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Becoming Britain’s greatest swimmer hasn’t come easy to Adam Peaty, with hardcore 40-hour training weeks starting at 5am, at least five meals a day and even training in a giant bath in his garden during lockdown required to take the Midlands Poseidon to Olympic glory.
As an infant, the future double gold medal winner was terrified of water – but the 6ft 3in swimmer smashed yesterday’s race with a 57.37 second dash up and down the Olympic pool – the fifth fastest time in history – after a regime that means he has swum 200 lengths – or more than 37 miles every week for the past five years.
During lockdown, he was confined to a giant hot tub in his garden – with an elasticated cord tied to his waist so he could ‘swim on the spot’.
Forget your average press-ups; the secret to Adam’s success is gruelling ‘flying’ press-ups, which he does in sets of 20 three or four times a day. These involve slowly lowering yourself down until your face almost touches the ground then pushing yourself up quickly, so high that your hands and feet lift off the floor, then coming back to rest on your palms and toes.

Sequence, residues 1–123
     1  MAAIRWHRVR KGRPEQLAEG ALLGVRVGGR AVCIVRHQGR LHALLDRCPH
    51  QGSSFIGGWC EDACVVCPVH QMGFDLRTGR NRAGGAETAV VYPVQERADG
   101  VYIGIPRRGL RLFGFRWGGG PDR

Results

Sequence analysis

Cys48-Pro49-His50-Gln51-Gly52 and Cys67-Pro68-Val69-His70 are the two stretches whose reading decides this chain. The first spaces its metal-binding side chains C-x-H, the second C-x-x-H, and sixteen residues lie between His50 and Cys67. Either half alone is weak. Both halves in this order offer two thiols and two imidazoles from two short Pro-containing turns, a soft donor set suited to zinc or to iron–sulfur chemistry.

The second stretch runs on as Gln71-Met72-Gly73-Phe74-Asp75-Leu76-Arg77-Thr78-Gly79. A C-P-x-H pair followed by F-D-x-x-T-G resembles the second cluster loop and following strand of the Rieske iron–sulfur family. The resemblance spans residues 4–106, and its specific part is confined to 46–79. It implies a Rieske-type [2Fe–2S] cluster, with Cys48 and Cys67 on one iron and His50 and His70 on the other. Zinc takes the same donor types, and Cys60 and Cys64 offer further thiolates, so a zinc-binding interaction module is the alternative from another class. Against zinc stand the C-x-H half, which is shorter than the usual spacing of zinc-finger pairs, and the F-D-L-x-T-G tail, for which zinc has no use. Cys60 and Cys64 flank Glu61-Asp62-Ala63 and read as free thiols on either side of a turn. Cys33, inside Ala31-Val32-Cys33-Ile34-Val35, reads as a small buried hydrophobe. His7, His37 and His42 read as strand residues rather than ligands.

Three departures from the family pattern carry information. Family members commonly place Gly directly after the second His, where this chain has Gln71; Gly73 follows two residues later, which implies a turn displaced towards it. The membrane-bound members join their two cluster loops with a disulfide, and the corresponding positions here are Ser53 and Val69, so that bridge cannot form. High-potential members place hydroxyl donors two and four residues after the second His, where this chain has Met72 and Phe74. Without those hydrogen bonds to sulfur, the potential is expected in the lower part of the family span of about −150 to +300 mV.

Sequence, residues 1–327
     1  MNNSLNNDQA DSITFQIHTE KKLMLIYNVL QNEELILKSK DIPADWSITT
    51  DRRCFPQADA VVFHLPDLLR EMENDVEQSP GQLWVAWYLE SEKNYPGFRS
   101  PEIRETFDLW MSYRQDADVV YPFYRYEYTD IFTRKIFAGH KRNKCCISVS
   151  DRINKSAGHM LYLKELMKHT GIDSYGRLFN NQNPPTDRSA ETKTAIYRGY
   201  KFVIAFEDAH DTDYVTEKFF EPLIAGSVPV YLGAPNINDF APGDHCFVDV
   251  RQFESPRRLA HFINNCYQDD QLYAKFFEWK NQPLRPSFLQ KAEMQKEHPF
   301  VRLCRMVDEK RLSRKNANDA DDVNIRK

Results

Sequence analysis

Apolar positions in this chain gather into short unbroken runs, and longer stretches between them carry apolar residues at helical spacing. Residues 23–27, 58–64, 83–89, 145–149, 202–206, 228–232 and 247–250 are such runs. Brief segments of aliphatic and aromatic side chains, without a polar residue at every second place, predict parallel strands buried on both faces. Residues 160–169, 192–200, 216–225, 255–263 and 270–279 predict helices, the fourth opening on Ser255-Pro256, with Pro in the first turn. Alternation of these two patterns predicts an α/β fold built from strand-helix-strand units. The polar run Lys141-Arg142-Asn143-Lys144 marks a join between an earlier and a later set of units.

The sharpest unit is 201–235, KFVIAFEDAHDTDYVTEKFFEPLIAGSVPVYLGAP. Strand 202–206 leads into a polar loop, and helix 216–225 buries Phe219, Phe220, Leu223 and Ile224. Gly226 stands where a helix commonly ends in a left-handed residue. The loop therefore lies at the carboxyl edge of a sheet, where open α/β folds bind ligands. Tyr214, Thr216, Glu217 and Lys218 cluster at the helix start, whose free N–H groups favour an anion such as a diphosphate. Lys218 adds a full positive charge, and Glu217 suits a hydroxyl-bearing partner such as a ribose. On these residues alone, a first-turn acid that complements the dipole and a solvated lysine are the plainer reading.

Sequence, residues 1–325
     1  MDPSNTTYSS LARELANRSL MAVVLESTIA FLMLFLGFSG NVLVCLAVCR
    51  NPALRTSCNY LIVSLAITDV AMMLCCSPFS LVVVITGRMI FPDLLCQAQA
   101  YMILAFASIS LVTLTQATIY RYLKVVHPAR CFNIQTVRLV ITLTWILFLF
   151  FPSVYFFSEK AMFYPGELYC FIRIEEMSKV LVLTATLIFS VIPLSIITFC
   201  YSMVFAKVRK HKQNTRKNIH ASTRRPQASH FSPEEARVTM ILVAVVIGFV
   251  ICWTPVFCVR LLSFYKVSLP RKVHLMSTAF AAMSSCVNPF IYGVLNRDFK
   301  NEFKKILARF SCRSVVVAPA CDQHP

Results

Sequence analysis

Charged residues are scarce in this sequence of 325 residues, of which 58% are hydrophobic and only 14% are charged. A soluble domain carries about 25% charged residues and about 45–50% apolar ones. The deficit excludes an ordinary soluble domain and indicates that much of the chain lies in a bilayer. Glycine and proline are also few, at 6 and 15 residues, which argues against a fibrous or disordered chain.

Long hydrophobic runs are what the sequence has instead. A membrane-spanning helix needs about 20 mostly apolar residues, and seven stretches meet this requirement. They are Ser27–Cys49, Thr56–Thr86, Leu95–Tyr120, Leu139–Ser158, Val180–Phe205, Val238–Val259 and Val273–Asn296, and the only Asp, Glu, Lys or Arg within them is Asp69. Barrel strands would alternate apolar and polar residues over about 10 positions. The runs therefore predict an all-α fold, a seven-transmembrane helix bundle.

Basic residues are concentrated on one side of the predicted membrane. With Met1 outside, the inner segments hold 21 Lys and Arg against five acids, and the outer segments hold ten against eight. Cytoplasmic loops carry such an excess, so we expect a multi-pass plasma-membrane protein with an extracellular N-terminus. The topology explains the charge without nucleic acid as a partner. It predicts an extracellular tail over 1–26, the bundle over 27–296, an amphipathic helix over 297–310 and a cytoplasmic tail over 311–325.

In his most intense training programmes ahead of Tokyo 2020, Peaty ate between 6,000 and 8,000 calories per day, around three times more than the average man takes in, getting up at 5am and in bed by 9pm.
At his most lean, Peaty’s body fat percentage will be around 6%, while your Ordinary Joe will be between 18-24%. In a recent interview with Men’s Health, he outlined his daily meal plan.
He said: ‘In the morning I’ll have Weetabix, the normal high fibre, low glycemic food. Then towards the middle of the day I’ll have around 400g of chicken with a lot of vegetables and depending on what serving it is, maybe brown rice.
‘Towards the end of the day I’ll have a higher carb [meal] if I’ve had a harder session, or lower carb if not – sweet potato and Quorn mince or lean chicken or a lean fish like sea bass’.
On another day, Peaty has a training session, first thing, and breakfast consists of granola with soya milk and then greek yoghurt and raisins.
Lunch, consisting of a high protein tuna steak with avocado, is followed by protein bars and shakes in the afternoon. Peaty also has peanut butter spread over banana during training sessions and has a blast of caffeine before a race. He drinks at least five litres of water per day. A dinner of salmon, new potatoes and green vegetables is wolfed down shortly before 7pm and he will then have wholemeal toast before heading to sleep.
Muscly British ‘Hunk in Trunks’ Adam Peaty celebrates another Olympic gold on Monday
Peaty says he stays motivated for training through his desire to the fastest person he can be for his family – and was forced to train in a giant bath in his garden during lockdown